Ways Twitter Can Build Brand Loyalty.

Source: http://t.co/m4zWf5P

A social platform like Twitter isn’t a sales driver; it’s a far subtler marketing tool.

The public doesn’t like to be harangued with sales messages when they’re socializing. They don’t want it in the pub and they don’t want it online.

But Twitter still has an immense value, even if it’s hard to measure. It’s superb for building brand loyalty, as long as you approach it in the right spirit.

Last year, a U.S. study by Chadwick Martin Bailey and iModeratefound that 79 percent of consumers who follow a brand on Twitter are more likely to recommend that brand compared to before they followed them.

It’s hard to put a price on that kind of word-of-mouth publicity and shows the value of having a popular Twitter identity.

So, here are my five top tips for building brand loyalty through Twitter.

Tweet Something Worthwhile

This is a basic tip, but it’s sadly often overlooked. What will your corporate Twitter account actually say and will it be anything that people want to read?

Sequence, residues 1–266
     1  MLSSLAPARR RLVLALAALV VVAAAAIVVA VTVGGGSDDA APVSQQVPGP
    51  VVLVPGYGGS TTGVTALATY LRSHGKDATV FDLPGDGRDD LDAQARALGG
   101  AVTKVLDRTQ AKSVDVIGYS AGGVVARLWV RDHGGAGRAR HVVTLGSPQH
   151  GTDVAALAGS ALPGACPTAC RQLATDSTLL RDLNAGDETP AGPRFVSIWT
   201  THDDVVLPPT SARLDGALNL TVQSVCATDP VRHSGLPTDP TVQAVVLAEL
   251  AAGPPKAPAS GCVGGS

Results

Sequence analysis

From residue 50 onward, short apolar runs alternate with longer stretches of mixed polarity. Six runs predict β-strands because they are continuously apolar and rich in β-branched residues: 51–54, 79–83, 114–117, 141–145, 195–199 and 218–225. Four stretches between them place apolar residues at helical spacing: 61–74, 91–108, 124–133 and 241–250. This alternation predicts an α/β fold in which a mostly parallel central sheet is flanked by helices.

You’ll never follow a brand that relentlessly churns out marketing messages, even if you like the actual product or service. Who would?

Some brands also retweet every favorable mention of themselves, which is fine in small doses but gets a bit tiring if they are constantly bringing these tweets to your attention (price comparison websites are particularly bad for this).

Every message you post should provide some value for the reader, unless it is such good publicity that you simply have to share it.

On the occasions that you do use Twitter simply to blow your own trumpet, make sure it’s for something impressive — think major donations to good causes or winning industry awards.

Anything less and you just look a bit desperate and a bit corporate, which won’t result in brand loyalty.

Valuable tweets might include links to interesting, relevant articles and blog posts; research and statistics you’ve uncovered; expert commentary on industry events; discounts; offers of freebies; and relevant news.

  • What’s most important: The two most important words here are value and relevance. Deliver both and your Twitter feed will be a success.
For More Information: http://t.co/m4zWf5P

About Ryan Swindall @Ryan_Swindall

Social Media Manager at Accellion View all posts by Ryan Swindall @Ryan_Swindall

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